The life of Princess Elisabeth, the Duchess of Brabant, has in some ways been a tale of modern feminism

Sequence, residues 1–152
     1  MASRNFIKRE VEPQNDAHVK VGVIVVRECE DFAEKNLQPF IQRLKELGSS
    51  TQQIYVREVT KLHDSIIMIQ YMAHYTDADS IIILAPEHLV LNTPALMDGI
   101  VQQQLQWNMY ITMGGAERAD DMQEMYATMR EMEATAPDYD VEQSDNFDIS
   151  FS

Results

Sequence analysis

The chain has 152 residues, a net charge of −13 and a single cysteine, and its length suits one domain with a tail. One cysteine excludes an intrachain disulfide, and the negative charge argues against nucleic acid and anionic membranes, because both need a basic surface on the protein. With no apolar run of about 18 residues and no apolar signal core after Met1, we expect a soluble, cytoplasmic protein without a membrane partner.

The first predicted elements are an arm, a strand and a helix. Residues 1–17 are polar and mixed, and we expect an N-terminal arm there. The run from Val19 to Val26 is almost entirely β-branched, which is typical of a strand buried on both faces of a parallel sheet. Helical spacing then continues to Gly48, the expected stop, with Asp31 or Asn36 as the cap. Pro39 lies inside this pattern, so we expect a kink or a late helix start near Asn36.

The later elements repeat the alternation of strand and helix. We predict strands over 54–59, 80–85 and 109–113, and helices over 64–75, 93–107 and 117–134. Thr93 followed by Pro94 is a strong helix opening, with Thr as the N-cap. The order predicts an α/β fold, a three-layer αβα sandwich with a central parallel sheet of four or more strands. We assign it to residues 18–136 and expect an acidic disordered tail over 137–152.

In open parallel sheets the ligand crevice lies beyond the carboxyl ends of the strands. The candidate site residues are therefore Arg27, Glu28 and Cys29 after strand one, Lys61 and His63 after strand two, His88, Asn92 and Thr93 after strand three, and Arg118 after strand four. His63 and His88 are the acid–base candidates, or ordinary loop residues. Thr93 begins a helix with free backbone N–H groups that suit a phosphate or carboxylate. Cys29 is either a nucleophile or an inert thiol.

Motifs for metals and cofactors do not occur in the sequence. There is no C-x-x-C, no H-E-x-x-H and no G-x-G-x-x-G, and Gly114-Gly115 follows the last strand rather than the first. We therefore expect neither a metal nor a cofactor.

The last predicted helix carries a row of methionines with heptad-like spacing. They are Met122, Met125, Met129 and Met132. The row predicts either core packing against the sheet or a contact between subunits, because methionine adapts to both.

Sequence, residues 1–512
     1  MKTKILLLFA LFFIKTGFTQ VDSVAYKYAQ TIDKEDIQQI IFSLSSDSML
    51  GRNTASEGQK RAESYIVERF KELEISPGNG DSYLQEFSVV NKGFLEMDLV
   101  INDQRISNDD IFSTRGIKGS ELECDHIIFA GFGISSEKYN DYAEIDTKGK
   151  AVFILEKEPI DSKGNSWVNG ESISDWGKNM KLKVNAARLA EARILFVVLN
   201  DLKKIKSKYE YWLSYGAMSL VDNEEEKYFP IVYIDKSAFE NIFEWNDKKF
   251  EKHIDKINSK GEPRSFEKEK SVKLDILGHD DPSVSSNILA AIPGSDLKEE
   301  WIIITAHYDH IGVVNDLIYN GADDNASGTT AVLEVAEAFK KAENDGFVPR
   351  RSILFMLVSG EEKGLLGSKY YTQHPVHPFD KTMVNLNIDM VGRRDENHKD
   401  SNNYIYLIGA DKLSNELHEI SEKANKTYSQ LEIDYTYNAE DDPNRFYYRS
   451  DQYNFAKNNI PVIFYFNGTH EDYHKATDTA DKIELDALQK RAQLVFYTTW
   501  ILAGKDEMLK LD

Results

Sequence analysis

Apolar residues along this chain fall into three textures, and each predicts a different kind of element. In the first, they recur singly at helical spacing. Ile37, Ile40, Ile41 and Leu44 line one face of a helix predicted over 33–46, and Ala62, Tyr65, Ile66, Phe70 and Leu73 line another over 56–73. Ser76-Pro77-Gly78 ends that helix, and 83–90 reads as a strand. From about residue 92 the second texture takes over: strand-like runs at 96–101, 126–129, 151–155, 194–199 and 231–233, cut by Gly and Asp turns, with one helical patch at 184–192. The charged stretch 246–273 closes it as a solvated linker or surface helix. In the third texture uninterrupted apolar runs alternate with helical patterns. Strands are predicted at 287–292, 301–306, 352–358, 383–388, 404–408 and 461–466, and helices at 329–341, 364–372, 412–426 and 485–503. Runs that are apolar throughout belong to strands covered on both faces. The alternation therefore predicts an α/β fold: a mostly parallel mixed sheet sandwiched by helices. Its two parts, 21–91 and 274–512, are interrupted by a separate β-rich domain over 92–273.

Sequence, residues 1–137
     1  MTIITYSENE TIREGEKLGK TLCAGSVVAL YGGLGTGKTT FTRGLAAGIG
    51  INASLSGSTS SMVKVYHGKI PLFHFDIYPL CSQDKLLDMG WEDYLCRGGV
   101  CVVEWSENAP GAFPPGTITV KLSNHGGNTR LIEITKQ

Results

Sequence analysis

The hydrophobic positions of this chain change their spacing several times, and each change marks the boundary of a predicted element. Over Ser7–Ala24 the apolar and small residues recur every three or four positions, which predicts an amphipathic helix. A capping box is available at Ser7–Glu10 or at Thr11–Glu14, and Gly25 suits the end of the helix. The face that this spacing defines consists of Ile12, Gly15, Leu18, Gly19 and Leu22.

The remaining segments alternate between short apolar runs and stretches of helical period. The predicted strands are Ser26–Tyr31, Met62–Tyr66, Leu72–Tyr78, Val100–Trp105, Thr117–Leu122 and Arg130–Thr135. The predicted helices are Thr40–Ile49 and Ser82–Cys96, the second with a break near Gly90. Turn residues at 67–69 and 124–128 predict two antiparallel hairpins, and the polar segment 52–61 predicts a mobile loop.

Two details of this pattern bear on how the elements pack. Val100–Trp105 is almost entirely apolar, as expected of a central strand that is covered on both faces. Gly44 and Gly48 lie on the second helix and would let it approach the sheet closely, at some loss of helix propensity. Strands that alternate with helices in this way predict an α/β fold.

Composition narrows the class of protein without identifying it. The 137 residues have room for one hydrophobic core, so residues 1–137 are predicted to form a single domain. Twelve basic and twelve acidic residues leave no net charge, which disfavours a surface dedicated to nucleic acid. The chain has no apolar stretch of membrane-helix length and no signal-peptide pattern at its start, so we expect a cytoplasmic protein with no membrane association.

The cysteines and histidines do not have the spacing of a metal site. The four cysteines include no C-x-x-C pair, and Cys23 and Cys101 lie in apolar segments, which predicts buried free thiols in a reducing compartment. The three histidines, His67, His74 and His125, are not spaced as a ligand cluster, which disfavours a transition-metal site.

Khakis, a machine gun, and not a tiara in sight: just-released portraits show Princess Elisabeth of Belgium in her first weeks at Brussels Royal Military Academy. In attending the academy, Princess Elisabeth, 18, is following in the footsteps of her father King Philippe, who spent a year there preparing to take the throne. But for a crown princess, not a prince, to do so is relatively new. Indeed, the life of Princess Elisabeth, the Duchess of Brabant, has in some ways been a tale of modern feminism. In 1991, ten years before she was born, the constitution was changed in Belgium to allow absolute primogeniture, meaning the first born child of a monarch succeeds them, regardless of their sex. Given that Princess Elisabeth is the eldest child of current reigning King Philippe, she is the next heir to the throne, coming before her younger brothers Princes Gabriel and Emmanuel in the line of succession, as well as her younger sister Princess Eléonore. If Princess Elisabeth succeeds her father, as expected, she will be the first reigning queen in the history of Belgium. Perhaps it should not be a surprise to see Princess Elisabeth pursuing outdoor pursuits at military college. She is a keen sportswoman and enjoys tennis, skiing and trekking. Over lockdown, the Belgian Royal Family released pictures of her passing the time with running.